AUG 4, 2016
According to the New York Federal Reserve, 14% of the U.S. population lives in households that have “negative” wealth. In other words, these are households that have more debts piled up than assets, which puts their net worth in minus territory.
But what does a negative wealth household look like?
In today’s chart, we compare the data on negative wealth households with the data on their positive counterparts. There are some obvious and stark contrasts.
At the household level, the differences are probably what you would expect.
Negative wealth households bring in $39,077 in annual income, and only 19% of these families own their home. More than one-third (36%) of these mortgages are underwater.
Meanwhile, positive wealth households bring in $86,309 in annual income, and 75% of the families own their home. Only 4% of the mortgages are underwater.
For each of these households, we have data on the person that is the head of the household, or the breadwinner for each family.
In terms of education, there isn’t a big difference between the heads of negative and positive wealth households. Both seem to be similarly accomplished in terms of achieving college degrees (43% vs. 45%) and postgraduate degrees (12% vs. 15%).
However, there are greater differences when it comes to demographic profiles.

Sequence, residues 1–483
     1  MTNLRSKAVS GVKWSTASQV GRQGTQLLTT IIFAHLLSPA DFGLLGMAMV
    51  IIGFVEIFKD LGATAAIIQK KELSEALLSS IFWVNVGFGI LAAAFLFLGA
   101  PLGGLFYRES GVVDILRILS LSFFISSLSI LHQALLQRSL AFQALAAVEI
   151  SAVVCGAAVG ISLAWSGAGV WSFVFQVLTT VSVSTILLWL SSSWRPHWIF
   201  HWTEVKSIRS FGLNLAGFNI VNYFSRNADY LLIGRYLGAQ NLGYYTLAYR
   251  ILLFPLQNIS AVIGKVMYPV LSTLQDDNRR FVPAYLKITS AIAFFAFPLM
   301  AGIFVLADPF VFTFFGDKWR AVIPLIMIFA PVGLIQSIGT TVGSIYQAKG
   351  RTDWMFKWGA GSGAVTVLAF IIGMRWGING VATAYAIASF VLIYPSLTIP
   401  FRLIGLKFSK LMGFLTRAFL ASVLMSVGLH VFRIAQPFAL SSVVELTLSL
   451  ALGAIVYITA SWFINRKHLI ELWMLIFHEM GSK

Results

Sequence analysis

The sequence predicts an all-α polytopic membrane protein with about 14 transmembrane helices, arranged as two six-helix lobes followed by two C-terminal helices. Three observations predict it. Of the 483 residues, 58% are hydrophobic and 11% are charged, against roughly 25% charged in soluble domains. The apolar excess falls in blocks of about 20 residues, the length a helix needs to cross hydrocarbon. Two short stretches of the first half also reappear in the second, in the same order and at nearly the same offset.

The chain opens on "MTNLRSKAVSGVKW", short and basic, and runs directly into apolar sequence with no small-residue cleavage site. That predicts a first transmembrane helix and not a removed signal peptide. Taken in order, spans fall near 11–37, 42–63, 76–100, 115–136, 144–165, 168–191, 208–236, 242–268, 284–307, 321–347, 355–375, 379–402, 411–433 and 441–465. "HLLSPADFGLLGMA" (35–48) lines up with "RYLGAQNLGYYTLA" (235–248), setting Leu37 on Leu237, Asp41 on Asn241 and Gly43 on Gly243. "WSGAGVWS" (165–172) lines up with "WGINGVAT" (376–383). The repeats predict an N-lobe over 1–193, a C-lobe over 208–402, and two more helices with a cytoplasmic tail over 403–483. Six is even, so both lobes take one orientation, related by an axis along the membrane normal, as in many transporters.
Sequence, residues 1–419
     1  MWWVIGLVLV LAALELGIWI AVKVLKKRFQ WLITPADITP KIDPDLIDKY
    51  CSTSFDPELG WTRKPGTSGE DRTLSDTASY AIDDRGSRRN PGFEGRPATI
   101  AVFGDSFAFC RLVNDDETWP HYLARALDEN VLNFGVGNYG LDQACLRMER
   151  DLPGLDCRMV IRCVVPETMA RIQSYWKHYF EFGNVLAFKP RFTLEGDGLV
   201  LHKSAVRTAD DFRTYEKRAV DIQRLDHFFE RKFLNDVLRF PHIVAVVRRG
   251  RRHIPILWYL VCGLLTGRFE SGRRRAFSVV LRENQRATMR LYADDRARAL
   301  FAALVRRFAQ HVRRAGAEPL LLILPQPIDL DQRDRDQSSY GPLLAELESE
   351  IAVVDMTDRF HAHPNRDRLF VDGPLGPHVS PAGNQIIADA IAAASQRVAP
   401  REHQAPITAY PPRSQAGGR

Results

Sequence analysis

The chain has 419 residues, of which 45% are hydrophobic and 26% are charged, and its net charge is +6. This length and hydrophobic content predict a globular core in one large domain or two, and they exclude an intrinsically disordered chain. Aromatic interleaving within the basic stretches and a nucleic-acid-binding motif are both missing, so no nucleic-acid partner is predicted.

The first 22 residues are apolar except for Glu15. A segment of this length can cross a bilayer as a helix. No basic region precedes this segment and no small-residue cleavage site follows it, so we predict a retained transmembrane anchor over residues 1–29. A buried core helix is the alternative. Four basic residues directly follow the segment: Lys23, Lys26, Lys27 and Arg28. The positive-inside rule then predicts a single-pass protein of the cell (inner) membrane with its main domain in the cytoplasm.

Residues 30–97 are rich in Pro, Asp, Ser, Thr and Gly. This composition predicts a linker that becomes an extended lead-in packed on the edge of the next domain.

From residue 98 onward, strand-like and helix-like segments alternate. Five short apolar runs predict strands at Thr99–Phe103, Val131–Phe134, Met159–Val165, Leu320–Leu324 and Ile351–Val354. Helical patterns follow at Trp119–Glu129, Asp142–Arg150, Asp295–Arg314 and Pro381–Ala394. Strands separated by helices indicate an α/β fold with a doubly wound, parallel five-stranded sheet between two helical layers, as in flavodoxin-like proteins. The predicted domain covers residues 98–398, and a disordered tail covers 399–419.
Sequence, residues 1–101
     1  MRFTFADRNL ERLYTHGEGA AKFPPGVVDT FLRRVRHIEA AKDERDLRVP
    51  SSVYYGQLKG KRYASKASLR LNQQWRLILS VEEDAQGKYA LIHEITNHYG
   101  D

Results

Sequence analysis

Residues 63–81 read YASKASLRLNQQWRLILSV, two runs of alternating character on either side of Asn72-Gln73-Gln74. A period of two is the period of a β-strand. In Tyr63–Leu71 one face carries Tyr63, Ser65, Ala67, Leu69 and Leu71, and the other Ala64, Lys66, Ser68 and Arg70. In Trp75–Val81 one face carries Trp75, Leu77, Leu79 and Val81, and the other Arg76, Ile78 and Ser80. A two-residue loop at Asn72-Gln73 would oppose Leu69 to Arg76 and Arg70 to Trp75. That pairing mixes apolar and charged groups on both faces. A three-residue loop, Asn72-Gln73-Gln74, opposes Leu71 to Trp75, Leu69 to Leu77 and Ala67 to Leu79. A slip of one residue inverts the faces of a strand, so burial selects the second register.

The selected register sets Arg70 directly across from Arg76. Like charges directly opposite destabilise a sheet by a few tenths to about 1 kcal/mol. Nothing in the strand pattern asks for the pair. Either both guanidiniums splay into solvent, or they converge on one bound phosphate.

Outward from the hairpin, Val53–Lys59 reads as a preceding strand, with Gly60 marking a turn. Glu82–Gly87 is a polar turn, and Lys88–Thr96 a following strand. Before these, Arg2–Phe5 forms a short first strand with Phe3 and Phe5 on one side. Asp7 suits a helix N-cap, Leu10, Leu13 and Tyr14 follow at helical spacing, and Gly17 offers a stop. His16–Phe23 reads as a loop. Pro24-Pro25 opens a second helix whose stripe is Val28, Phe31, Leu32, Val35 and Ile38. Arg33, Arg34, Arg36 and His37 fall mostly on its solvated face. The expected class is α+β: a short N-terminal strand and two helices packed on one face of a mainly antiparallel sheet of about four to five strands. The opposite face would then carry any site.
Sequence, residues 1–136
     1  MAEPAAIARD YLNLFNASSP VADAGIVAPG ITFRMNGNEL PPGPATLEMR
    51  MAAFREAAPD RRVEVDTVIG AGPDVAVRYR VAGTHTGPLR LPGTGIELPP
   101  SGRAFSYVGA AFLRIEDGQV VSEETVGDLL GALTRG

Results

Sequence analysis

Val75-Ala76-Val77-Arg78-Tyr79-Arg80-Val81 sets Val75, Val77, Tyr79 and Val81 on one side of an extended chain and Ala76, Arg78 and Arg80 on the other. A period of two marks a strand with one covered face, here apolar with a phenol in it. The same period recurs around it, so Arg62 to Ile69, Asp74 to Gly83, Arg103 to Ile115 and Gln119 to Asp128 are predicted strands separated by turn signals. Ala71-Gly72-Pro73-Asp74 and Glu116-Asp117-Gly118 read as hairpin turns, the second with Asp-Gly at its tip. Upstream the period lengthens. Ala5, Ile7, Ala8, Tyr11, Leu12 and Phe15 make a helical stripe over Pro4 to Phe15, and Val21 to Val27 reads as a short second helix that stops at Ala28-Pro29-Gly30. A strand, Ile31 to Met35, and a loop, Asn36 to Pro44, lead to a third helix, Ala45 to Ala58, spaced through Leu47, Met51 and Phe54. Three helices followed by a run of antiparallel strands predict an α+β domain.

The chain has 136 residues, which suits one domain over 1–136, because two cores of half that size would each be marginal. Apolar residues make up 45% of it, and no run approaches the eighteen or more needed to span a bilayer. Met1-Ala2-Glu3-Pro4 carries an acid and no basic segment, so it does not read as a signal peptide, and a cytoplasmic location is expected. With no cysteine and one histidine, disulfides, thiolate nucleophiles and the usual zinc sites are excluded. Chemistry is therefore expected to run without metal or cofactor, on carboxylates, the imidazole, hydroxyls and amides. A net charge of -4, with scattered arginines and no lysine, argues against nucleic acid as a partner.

Negative wealth households have heads that are younger (43 vs. 51 years old), female (69% vs. 45%), and single (57% vs. 33%). There is also a higher proportion of minorities (24% vs. 17%) and single parents (20% vs. 7%) living in negative wealth households.
We also wanted to see the difference in composition of both assets and debts.
In this case, we are comparing the poorest third of those with negative wealth (-$47,500 to -$520,000) to those with positive wealth.
Households that are deep in the red have the majority of their wealth in the family car – automobiles make up 45% of the value of their total assets. Housing makes up 20% of their assets by value. For positive wealth households, it is the reverse: 40% of wealth is in the home, and 15% in vehicles.
The composition of debt is also very telling. Negative wealth households have a whopping 47% of debt in student loans, while positive houses have just 6%.